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NYU Winthrop Hospital: driving results, improving care: patient flow data and joint commission compliance

In 2015, NYU Winthrop Hospital set out to improve organizational efficiency.
The corporate goal was simple—to improve patient throughput—so Ann and team quickly identified a number of tactics to make this goal a reality. For example: engaging the entire organization, and developing action plans, setting thresholds, targets and stretch goals while regularly measuring goals versus actual performance. Employment of tactics would help demonstrate the improvements between 2015 and 2017, many of which revolved around optimizing the use of TeleTracking.
Data was also critical to NYU Winthrop Hospital success with The Joint Commission requirements. It gave them a concrete way of determining the changes that needed to be made to demonstrate that they were meeting the elements of performance.
“The first action I initiated was to run TeleTracking reports to see what our baselines were in key areas,” says Hanford. “EVS, Patient Transport, and Patient Placement were critical. When I saw what our baseline performance was, I was able to identify performance improvement opportunities, establish goals and set up action plans that I knew would have an impact on patient throughput,” she continues.
The first priority identified was to improve the efficiency of the bed cleaning process
THE GOAL: decrease bed turnaround time by improving the response time of EVS personnel.
THE TACTICS: educate and motivate staff regarding goals vs. actual performance; deploy iPhones to improve communication; eliminate zones during high-volume bed cleaning time of day; create dashboards to display EVS status breakdown, daily average response and turn times, and confirmed discharges by unit.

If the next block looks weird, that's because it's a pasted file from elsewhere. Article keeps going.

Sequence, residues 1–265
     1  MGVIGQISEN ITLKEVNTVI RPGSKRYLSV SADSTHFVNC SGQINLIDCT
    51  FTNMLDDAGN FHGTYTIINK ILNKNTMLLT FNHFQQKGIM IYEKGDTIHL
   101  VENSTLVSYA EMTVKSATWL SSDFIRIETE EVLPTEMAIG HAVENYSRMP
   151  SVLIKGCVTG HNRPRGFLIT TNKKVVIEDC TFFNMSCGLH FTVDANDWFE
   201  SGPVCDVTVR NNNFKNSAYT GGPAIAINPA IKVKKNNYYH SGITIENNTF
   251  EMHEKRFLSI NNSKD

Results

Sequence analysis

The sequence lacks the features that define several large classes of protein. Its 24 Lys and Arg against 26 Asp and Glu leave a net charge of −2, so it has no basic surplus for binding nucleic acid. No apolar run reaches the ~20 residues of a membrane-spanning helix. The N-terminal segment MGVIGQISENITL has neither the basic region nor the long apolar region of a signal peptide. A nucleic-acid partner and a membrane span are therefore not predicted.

THE OUTCOMES: impressive 50% improvement in response times after the action plan was implemented. “We’re very, very happy to see those outcomes and strive to continuously get better and better,” adds Hanford. “Bed turnaround time is an extremely important part of the patient flow puzzle.” 
A second priority identified was to improve bed placement times for newly admitted patients
THE GOAL: decrease the bed request (decision to admit) to bed occupy time.
THE TACTICS: use of TeleTracking’s PreAdmit Tracking application to support action plans such as: centralizing the bed placement process; no longer allowing services/units to assign beds; hardwiring the Ready-to- Move functionality; establishing patient assign to bed occupy goals; and adding portal views on every patient care unit and in each portal of entry.
THE OUTCOMES: “We transported patients in a timely manner once the bed was assigned, which decreased our request to occupy by at least 50%,” says Hanford. “This also impacted patient satisfaction as we’re starting to see some of our HCAHPS scores improve.”
The third performance improvement  priority identified was to enhance the  situational awareness of patient discharge status on each unit
THE GOAL: increase the number of pending patient discharges (pending to confirmed), and better predict the projected discharge date and time.
THE TACTICS: implementation of PatientTracking Portal views on all units and in all portals of entry. In addition, all patient care units must identify pending patient discharges 24 hours in advance; pended patients must be notified of projected discharge date and time a minimum of one day in advance; additional tests / procedures needed for discharge identified in TeleTracking; a discharge order interface that would trigger a confirmed discharge. “A unique use that we implemented included taking advantage of the comments field in PreAdmit Tracking to enter any additional tests/procedures that the patient needs to complete prior to being medically cleared for discharge earlier in the day,” says Hanford. “The schedules are distributed to the ancillary areas responsible for completing these tests / procedures to prioritize the pended patients to ensure timely completion and result reporting.”